Eukaryotes


Structure of a Eukaryote

The term eukaryote means 'good or true nucleus' and describes all cells other than bacteria (prostista, fungi, plant cells and animal cells)

  • These cells all possess a nucleus where the DNA is stored
  • They also possess membrane-bound organelles - such as endoplasmic reticulum, mitochondria, lysosomes, golgi apparatus, etc.


Eukaryotic cells are generally more complex than prokaryotes - the presence of membrane-bound organelles allows for compartmenalisation of functions

Eukaryotic cells are believed to have evolved from prokaryotic ancestors, through a process called endosymbiosis


Prokaryotes versus Eukaryotes

Similarities:

  • Both possess genetic material (DNA and RNA)
  • Both contain a cell membrane 
  • Both contain ribosomes


Differences:


Animal Cells

  • Animals are multicellular organisms made up of many eukaryotic cells cooperating to form a functional organism
  • Because of this, individual cells may differ greatly in structure and function, however all share some basic characteristics


Structure of a Generalised Animal Cell

                                      2D Representation                                                                                                                 3D Representation


Plant Cells

  • Plant cells are different from animal cells in a number of key areas:
    • They may contain chloroplast and other plastids for photosynthesis (not including cells that do not undergo photosynthesis - such as root cells)
    • They contain a cell wall (made of cellulose) and therefore have a rigid, rectangular shape
    • They contain a large, central vacuole
    • They store excess glucose as starch (animals store excess glucose as glycogen)
    • They do not have centrioles and do not have cholesterol in their cell membrane

 

Structure of a Generalised Plant Cell


Organelles

Cell Membrane:  Semi-permeable barrier that controls the entry and exit of substances

Cytosol:  The fluid portion of the cytoplasm (does not include the organelles or other insoluble materials)

Nucleus:  Contains hereditary material (DNA) and thus controls cell activities (via transcription) and mitosis (via DNA replication)

Nucleolus:  Site of the production and assembly of ribosome components

Ribosome:  Complexes of RNA and protein that are responsible for polypeptide synthesis (eukaryotic ribosomes are larger than prokaryotes - 80S)

Mitochondria:  Site of aerobic respiration, which produces large quantities of chemical energy (ATP) from organic compounds

Golgi Apparatus:  An assembly of vesicles and folded membranes involved in the sorting, storing and modification of secretory products

Lysosome:  Site of hydrolysis / digestion / breakdown of macromolecules

Peroxisome:  Catalyses breakdwon of toxic substances like hydrogen peroxide and other metabolites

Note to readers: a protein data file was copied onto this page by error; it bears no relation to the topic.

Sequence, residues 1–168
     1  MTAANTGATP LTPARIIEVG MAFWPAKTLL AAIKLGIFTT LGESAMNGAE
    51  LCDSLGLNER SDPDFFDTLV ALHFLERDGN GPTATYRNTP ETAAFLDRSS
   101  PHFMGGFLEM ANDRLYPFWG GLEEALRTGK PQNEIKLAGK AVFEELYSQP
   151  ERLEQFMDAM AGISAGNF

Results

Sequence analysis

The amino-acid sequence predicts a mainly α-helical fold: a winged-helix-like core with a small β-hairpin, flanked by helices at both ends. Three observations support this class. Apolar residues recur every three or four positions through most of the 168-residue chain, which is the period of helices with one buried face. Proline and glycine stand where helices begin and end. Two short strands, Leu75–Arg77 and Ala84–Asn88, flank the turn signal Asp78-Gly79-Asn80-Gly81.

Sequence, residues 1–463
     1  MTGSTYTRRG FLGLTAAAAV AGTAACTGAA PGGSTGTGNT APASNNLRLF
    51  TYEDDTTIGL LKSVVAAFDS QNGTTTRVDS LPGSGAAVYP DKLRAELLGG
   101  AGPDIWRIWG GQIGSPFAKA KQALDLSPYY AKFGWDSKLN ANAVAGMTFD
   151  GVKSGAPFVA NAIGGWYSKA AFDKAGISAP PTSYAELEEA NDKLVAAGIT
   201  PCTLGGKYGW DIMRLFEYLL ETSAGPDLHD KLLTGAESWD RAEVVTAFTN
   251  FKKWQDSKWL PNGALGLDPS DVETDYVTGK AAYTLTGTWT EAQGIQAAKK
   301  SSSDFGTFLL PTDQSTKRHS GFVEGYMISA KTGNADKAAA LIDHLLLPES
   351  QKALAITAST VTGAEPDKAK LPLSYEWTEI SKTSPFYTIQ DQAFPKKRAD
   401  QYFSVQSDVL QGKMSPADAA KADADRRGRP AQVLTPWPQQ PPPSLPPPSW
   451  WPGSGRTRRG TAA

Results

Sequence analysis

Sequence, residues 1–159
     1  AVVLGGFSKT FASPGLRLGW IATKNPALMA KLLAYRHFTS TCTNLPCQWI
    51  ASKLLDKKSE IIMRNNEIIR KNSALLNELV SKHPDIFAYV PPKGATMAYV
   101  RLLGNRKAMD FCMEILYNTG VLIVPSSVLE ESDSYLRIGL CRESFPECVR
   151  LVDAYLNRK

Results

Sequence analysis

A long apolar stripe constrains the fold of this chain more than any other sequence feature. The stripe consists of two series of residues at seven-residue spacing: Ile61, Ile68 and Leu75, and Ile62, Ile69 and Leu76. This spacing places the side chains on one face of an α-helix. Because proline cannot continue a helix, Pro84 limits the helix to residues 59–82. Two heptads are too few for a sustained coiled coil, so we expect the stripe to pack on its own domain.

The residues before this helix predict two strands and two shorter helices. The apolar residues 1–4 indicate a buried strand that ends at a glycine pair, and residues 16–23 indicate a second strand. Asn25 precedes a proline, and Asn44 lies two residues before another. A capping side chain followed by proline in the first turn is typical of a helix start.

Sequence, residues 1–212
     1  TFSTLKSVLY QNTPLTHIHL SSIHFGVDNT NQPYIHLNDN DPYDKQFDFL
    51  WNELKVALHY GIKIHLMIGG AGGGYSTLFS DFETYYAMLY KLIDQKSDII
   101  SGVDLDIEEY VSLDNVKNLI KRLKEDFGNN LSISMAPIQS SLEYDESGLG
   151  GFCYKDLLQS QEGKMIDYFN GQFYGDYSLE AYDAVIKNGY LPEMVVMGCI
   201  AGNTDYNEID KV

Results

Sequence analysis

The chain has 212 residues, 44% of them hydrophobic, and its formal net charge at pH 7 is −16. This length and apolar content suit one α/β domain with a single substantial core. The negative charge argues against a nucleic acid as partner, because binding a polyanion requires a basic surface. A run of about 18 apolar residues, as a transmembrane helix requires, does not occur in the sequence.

Chloroplasts:  Contain photosynthetic pigment (chlorophyll) and is responsible for photosynthesis (not in animal cells)

Leucoplasts: Responsible for storage of materials (e.g. starch in amyloplasts) in non-photosynthetic plant cells (not in animal cells)

Centrioles:  Microtubule-organising centres involved in cell division (not in plant cells)

Endoplasmic Reticulum:  A system of membranes involved in the transport of materials between organelles

  • Rough ER:  Studded with ribosomes and involved in the synthesis and transport of proteins destined for secretion
  • Smooth ER:  Involved in the synthesis and transport of lipids and steroids, as well as metabolism of carbohydrates


Examples of Organelles as seen in an Electron Micrograph (Liver Cell)


Multicellular Organisms

  • Multicellular organisms, such as most eukaryotes, are capable of performing functions that individual cells could not undertake
  • These new functions are called emergent properties and arise from the communication and interrelationship between distinct cell types
  • Multicellular organisms may be organised as follows
    • Cells may group together to form tissues
    • Organs are then formed from the functional grouping of multiple tissues
    • Organs that interact may form organ systems capable of carrying out specific body functions
    • Organ systems carry out the life functions required by an organism


Levels of Anatomical Organisation


Cell Differentiation

  • All cells of an individual organisms share an identical genome - each cell contains the entire set of  genetic instructions for that organism
  • The activation of different instructions (genes) within a given cell by chemical signals will cause it to differentiate from other cells like it
  • Differentiation is the process during development whereby newly formed cells become more specialised and distinct from one another as they mature
  • This results in different cells having different structures and functions, such as:
    • Muscle cells having a large number of mitochondria to meet the energy requirements of muscular contraction
    • White blood cells having large numbers of lysosomes in order to digest foreign materials
    • Intestinal cells having a large surface area (microvilli) to maximise absorption of nutrients
    • Pancreatic cells having many golgi bodies to enable large-scale secretion of hormones (insulin or glucagon)
    • Leaf cells having a large number of chloroplasts to carry out photosynthesis


Differential Gene Expression Leading to Specialisation of Cell Structure and Function